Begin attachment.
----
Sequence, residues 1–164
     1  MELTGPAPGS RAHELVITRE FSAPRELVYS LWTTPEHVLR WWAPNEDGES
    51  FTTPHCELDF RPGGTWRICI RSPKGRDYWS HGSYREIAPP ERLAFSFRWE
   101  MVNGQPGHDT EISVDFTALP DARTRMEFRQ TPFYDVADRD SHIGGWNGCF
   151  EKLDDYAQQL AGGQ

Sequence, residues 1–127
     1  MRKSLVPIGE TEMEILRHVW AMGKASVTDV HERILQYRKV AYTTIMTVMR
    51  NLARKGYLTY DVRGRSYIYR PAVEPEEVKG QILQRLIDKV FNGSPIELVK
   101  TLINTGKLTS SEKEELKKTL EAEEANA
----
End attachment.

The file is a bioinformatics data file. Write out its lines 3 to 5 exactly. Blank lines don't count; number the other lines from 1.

    51  FTTPHCELDF RPGGTWRICI RSPKGRDYWS HGSYREIAPP ERLAFSFRWE
   101  MVNGQPGHDT EISVDFTALP DARTRMEFRQ TPFYDVADRD SHIGGWNGCF
   151  EKLDDYAQQL AGGQ